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Another part of this is going to become if not real then at least a little bit less imaginary, as early as 11 a.m. on the morning of April 2. That is when the final guests will check out of the goofy old Tropicana, and the casino hotel will close its doors forever, to begin what is expected to be a months-long process of emptying and gutting and then demolishing its various buildings and sweeping away the rubble, to prepare the land for whatever comes next. Bally’s Corporation, which controls but does not own the 35-acre plot, has pledged the front corner of it for Fisher’s stadium project, and plans to build a new casino hotel in an adjacent space. This whole development theory is contingent upon Fisher coming up with at least $1.1 billion in private financing; it will surprise you not at all to learn that this, too, is still largely up in the air. Fisher so far has pledged $500 million in inherited family wealth, and reiterated to the San Fransisco Chronicle in March that he plans to raise the rest of his share from a combination of debt and equity investment.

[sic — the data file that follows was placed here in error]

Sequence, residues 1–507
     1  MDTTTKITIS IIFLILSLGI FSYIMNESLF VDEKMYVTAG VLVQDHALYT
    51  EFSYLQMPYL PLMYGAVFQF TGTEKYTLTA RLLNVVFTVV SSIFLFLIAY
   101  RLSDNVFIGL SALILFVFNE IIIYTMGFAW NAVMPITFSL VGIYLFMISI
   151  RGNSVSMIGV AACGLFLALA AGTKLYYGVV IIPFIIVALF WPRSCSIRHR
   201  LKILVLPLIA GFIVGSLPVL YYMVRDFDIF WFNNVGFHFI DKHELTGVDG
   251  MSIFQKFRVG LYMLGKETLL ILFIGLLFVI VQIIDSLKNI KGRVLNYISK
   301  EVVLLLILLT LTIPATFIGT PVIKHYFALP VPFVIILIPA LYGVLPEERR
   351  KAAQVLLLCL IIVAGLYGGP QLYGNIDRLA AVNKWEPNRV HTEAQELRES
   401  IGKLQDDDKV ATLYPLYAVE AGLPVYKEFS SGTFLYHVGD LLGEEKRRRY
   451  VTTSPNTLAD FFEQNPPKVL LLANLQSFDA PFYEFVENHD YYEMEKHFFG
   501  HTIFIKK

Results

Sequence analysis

But Bally’s Corporation isn’t quite the rock-solid partner an owner might normally choose for this sort of joint venture. For one thing, despite Fisher explaining away the postponements that delayed the reveal of his own renderings by more than three months as a matter of coordinating with Bally’s to map out the entire project, Bally’s still hasn’t shown their own concept for the abutting casino hotel. Possibly this has to do with the fact that the company is in dire financial shape: The Nevada Independent reported in March that Bally’s “has more than $3.6 billion in long-term debt on its books” and reported a net loss of $173 million in 2023; meanwhile the company is facing a whopping $800 million shortfall in funding for a casino hotel in downtown Chicago.